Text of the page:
I pushed these realities away for so long and denied that my experiences were impacting my physical and mental well-being. But denial and avoidance can only last so long. The trauma and grief all catches up to you eventually. Ultimately I realized I was suffering from both direct and vicarious trauma. Day-in, day-out, consistently lacking resources while trying to serve people in emergency and crisis situations. It takes a serious toll both physically and emotionally, and it can cost you your health and your soul.
My symptoms were obvious to everyone around me, yet I was blinded. Persistent physical symptoms like constant fatigue, recurring colds, sinus infections, and chronic body aches. Not to mention the mental and emotional symptoms – anxiety, depression, sleep disturbances, increased drug use, heightened sensitivities to sounds, and difficulties with interpersonal relationships. For me to eventually connect the dots, it took co-workers who were willing to share and reflect on their observations with me. My experience has been one of profound and compounded grief, a grief that takes time to heal, a grief so subtle and deceptive that it sneaks up on you when you’re least expecting it. A grief that will never truly heal as long as people continue dying from preventable overdose deaths.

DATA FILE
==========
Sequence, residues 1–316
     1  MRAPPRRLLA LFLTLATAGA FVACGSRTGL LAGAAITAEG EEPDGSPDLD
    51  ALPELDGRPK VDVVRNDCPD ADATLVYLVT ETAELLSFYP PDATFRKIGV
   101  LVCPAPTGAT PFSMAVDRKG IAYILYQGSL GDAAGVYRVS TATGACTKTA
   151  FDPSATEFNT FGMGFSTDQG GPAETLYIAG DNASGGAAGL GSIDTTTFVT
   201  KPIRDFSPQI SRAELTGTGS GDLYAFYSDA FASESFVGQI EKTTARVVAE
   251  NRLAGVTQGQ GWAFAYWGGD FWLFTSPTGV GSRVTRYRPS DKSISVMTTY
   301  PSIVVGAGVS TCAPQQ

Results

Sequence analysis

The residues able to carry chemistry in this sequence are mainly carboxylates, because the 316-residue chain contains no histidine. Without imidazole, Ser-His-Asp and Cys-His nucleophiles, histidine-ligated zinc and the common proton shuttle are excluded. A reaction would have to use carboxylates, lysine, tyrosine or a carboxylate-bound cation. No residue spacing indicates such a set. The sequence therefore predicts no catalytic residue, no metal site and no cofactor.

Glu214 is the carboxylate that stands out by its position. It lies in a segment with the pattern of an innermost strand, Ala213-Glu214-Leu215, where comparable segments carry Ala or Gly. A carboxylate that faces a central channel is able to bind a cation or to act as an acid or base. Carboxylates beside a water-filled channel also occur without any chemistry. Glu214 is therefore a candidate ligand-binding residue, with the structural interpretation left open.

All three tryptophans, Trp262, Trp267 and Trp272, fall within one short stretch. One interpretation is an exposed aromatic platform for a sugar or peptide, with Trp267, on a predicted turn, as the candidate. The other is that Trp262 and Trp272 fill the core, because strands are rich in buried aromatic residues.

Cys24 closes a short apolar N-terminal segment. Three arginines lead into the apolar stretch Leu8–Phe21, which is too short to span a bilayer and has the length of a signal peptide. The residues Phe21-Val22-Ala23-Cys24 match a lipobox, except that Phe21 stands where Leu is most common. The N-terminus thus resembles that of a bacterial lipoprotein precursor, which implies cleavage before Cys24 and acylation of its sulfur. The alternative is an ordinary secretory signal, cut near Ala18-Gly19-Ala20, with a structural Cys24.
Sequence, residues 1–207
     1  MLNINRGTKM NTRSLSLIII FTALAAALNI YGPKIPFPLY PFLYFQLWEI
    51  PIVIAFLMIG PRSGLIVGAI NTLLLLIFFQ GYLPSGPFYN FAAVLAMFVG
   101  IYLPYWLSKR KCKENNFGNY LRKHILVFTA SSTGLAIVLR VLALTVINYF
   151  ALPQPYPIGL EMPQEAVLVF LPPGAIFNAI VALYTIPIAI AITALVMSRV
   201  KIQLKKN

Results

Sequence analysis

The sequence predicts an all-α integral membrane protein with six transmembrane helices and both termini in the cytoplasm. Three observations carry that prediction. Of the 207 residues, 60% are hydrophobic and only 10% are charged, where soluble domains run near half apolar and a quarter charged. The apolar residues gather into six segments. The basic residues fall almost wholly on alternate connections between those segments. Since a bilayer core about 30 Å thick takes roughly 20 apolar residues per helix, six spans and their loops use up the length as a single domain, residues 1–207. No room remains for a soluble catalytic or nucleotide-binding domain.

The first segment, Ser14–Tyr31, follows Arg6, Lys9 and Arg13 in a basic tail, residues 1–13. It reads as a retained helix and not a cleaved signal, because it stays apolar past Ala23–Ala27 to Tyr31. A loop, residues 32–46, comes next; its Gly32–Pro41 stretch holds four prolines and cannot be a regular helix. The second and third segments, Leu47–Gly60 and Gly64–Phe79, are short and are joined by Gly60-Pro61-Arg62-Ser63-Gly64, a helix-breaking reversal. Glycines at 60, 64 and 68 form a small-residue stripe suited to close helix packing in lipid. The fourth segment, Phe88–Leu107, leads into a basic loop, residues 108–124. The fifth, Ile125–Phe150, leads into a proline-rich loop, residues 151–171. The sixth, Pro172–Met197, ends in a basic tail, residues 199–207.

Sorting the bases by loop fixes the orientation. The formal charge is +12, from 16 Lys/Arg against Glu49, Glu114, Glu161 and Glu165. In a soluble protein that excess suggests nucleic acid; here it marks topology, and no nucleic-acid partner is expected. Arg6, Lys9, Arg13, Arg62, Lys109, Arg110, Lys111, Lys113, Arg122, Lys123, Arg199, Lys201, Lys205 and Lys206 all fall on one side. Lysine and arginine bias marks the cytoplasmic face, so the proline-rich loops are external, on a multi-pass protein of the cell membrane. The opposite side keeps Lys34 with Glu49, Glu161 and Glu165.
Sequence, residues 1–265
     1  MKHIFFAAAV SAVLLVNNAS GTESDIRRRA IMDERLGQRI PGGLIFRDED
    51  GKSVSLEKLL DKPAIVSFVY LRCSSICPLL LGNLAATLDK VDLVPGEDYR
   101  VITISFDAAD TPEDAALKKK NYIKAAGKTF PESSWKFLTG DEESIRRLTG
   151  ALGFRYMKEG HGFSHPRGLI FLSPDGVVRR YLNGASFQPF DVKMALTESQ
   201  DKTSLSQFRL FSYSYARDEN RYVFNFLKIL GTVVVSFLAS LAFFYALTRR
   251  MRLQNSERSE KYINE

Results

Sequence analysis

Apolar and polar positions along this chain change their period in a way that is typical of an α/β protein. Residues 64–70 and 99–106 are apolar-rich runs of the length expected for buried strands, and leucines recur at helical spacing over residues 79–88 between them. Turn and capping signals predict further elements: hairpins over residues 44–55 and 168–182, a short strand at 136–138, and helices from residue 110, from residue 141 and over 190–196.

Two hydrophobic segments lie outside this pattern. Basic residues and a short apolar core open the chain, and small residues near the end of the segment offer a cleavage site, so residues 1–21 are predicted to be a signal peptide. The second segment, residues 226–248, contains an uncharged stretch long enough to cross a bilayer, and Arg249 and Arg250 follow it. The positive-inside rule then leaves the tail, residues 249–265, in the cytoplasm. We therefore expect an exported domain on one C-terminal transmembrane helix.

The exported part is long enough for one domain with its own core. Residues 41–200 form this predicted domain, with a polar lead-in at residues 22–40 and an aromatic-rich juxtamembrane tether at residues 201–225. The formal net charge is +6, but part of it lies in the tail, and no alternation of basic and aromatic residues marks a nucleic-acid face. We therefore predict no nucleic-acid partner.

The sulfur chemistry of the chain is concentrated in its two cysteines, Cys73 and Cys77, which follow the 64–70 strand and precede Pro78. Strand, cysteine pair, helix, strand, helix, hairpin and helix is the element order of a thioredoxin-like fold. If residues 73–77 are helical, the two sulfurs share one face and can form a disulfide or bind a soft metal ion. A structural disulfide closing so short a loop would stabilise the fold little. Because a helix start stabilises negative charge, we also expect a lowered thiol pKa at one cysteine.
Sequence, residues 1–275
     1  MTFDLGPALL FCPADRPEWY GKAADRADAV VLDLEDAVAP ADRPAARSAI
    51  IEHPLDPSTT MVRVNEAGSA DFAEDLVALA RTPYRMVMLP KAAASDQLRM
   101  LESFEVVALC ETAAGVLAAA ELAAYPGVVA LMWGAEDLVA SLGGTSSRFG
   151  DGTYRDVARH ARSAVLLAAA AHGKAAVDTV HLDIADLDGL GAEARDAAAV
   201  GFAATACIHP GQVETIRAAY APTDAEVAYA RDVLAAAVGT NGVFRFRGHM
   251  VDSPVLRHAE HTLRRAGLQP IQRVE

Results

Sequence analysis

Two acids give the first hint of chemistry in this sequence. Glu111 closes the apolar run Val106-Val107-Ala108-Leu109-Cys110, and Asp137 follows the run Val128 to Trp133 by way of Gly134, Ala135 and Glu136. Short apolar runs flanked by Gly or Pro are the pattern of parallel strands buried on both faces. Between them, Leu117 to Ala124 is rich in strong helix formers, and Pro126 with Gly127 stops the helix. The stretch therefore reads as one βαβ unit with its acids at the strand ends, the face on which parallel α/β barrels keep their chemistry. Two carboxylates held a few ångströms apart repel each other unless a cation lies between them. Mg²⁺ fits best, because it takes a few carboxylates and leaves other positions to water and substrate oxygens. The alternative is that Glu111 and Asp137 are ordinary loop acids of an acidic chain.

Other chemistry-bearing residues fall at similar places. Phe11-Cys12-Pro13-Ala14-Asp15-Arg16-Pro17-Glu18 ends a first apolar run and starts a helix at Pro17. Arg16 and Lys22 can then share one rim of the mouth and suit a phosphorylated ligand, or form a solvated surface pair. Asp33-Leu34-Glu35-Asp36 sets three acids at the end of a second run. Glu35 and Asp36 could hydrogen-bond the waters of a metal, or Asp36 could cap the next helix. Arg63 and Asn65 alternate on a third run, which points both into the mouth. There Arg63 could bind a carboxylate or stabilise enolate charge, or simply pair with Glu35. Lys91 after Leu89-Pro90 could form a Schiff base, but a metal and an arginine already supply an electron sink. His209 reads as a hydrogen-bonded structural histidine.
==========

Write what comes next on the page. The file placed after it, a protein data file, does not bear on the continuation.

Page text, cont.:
“My experience has been one of profound and compounded grief, a grief that takes time to heal, a grief so subtle and deceptive that it sneaks up on you when you’re least expecting it. A grief that will never truly heal as long as people continue dying from preventable overdose deaths.”
Taking a prolonged break from the frontlines of harm reduction service provision was one of the most difficult decisions of my life. It was so painful, so horrendously heart-wrenching. It was this overwhelming feeling of caring so much, of loving so deeply, of wanting to do so much more–all while simultaneously realizing you just can’t. Not anymore. At least not right now, in these moments, at this time. Your heart breaks, aching to again serve those whom you love, lost, and worked so closely in partnership with.
It has now been over two years since I’ve worked in any true harm reduction setting. A part of me profoundly misses this frontline work. The sense of getting something tangible done at the end of the day, of helping someone just make it to the next day. The meaningful and authentic interactions with service users, co-workers, and community members. But I’m still grappling with these losses.It is a collective grief, one shared by community members, frontline workers, and anyone else impacted by the ongoing overdose crisis and the war on people who use drugs.
“It is a collective grief, one shared by community members, frontline workers, and anyone else impacted by the ongoing overdose crisis and the war on people who use drugs.”
Until we address and dismantle the harmful drug policies that are ultimately responsible for the deaths of thousands to overdose, people will continue to die, and we will continue to grieve. We are treading water in a well made toxic by drug criminalization, perpetually traumatizing people who use drugs, frontline workers, and our communities.